Union members at Ford, Stellantis and General Motors have ratified a new 4½-year contract, locking in at 11% pay increases secured after a six-week strike in September and October.
The United Auto Workers said that roughly 67% of Ford employees represented by the UAW voted in favor of the contract, which will last through April 30, 2028.
Voting officially ends Friday, but with around 57,000 union employees at Ford, the contract appeared headed toward easy ratification.
The contracts were negotiated after members of the UAW went on strike from Sept. 15 until late October.
Union members will get a total pay increase of 25% over the course of the deal. The new contracts also reinstate cost-of-living adjustments, let workers reach top wages in three years instead of eight and protect their right to strike over plant closures.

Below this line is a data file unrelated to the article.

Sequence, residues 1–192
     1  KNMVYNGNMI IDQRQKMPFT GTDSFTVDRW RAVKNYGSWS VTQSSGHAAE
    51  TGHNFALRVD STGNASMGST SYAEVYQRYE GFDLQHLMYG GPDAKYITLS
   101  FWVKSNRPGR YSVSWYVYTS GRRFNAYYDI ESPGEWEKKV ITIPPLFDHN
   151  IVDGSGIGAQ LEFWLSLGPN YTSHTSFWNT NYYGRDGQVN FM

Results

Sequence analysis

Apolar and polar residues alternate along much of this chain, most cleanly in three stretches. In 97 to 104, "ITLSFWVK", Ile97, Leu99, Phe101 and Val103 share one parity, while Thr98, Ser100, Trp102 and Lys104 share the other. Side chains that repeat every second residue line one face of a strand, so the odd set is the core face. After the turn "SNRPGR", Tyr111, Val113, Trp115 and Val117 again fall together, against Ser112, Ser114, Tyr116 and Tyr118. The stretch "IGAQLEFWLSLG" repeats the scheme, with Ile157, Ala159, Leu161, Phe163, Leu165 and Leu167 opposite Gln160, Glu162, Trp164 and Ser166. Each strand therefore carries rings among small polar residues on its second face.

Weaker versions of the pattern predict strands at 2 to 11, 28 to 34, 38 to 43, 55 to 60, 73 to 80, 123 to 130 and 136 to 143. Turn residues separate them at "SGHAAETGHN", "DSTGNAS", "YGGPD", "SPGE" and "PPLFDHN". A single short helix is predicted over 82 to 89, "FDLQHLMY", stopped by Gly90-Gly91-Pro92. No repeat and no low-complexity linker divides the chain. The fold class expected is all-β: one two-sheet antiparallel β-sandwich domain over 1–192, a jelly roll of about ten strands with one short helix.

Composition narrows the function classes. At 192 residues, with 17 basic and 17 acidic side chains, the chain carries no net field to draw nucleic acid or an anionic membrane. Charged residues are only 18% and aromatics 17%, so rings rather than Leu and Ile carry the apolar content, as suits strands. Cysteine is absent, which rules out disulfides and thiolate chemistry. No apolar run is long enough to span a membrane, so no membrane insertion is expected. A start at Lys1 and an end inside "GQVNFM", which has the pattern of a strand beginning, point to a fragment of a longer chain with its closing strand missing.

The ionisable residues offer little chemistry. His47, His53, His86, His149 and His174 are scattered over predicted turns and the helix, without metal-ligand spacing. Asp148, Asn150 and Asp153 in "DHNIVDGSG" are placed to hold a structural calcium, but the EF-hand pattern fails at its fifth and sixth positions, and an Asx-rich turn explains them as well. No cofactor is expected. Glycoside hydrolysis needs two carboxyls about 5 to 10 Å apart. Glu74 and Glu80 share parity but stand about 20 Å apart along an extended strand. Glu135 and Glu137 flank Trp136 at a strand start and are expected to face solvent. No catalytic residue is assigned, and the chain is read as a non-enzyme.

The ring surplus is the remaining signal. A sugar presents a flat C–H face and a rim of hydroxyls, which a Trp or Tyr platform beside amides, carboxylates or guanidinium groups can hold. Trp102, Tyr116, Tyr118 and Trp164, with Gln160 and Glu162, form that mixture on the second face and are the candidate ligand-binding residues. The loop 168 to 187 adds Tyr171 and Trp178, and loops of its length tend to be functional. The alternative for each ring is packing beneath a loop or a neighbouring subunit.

Both the UAW and the carmakers described the deals as “record” contracts based on those pay increases. The union also said members were regaining some of the benefits they agreed to give up after the Great Recession to help keep the automakers alive.
Workers at G M approve d the contract, but they did so by a much narrower margin than Ford’s employees did, with about 55% of workers voting yes.
While UAW President Shawn Fain has called the contacts a victory for workers, he has also said they are part of a larger plan to win back more benefits over the long haul.
According to the UAW’s ratification vote tracker, Stellantis employees were on pace to approve the deal at margins similar to Ford workers. With 17,391 votes tallied as of Thursday evening ET, about 66% of ballots had been cast in favor of accepting the contract.
While the general terms of the contracts are similar, workers at Detroit’s Big Three automakers are voting to accept or reject them independently.
Marley Jay is a business news reporter for NBC News Digital.